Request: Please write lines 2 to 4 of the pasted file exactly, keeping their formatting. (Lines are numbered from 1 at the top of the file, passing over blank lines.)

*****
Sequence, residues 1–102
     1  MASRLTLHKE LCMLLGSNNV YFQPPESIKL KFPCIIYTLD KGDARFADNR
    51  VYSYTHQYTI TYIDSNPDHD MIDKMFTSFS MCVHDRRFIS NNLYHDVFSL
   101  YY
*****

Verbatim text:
     1  MASRLTLHKE LCMLLGSNNV YFQPPESIKL KFPCIIYTLD KGDARFADNR
    51  VYSYTHQYTI TYIDSNPDHD MIDKMFTSFS MCVHDRRFIS NNLYHDVFSL
   101  YY